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28 March 20243 minute read

Update on the Evidence Act: Government parties agree on digital employment contracts

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On 21 March 2024, the Federal Government agreed on amendments to the Evidence Act (Nachweisgesetz (NachwG)). In future, the NachwG is to stipulate that employment contracts can also be concluded in text form in addition to the traditional written form. This would mean the digital employment contract would become reality. Shortly before this, on 13 March 2024, the German government had adopted the government draft for the Bureaucracy Relief Act (Bürokratieentlastungsgesetz (BEG IV)), which also contains amendments to the NachwG. The amendments to the NachwG announced by the Federal Government on 21 March 2024 are now to be retroactively integrated into this government draft.

The amended government draft has not yet been published. So far, the planned changes can be inferred from a letter from the Federal Minister of Justice, Marco Buschmann, to the associations affected by the new regulation.

The letter states: ‘In concrete terms, the Evidence Act will in future allow evidence of the essential contractual terms to be presented in text form, provided that the document is accessible to employees, can be saved and printed and the employer receives proof of transmission or receipt. This clarifies that the transmission of the proof in text form fully fulfils the requirements of the German Proof of Employment Act. The employer only has to provide written proof if the employees request it. For employees who work in an economic sector or branch of industry pursuant to Section 2a (1) of the Act to Combat Clandestine Employment shall the written form be retained for the provision of proof.’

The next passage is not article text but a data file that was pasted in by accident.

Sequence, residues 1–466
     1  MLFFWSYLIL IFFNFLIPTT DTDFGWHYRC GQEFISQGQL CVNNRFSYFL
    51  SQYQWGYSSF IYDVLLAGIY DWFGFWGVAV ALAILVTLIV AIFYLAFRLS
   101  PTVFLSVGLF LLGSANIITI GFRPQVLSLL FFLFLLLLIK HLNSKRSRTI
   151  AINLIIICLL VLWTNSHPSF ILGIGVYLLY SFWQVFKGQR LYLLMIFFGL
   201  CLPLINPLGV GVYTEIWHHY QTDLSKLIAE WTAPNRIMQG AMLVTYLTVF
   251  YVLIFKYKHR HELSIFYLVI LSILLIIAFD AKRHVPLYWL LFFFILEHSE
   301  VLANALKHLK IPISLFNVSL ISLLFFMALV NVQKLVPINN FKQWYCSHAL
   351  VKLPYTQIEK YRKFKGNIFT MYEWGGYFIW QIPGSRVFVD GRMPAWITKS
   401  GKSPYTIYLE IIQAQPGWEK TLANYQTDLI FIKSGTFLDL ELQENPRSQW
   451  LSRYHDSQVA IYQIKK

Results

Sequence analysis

In line with this announcement, employers in Germany may conclude digital employment contracts that do not require any further written evidence to fulfil the requirements of the NachwG once the legislative process has been completed. Emails also fall under the text form (in accordance with Section 126b German Civil Code (BGB)). An electronically qualified signature (in accordance with Section 126a BGB) is not required.

The revision of the strict written form requirement is of enormous importance for employers: digital employment contracts, which are essential for globally operating companies as well as for local companies with employees working remotely, can be concluded without the bureaucratic burden of additional written proof and without the fear of fines under the NachwG The envisaged proof of transmission and receipt is intended to ensure, in the interests of employers, that proof of the conclusion of the contractual documents can be provided in the event of a dispute.

What will happen next? The current government draft of BEG IV dated 13 March 2024 will now be amended in accordance with the above-mentioned changes and then forwarded to the Bundesrat for a statement. It will then be forwarded to and discussed in the Bundestag. It remains to be seen in what form the NachwG will enter into force once the legislative process has been completed. We will keep you posted.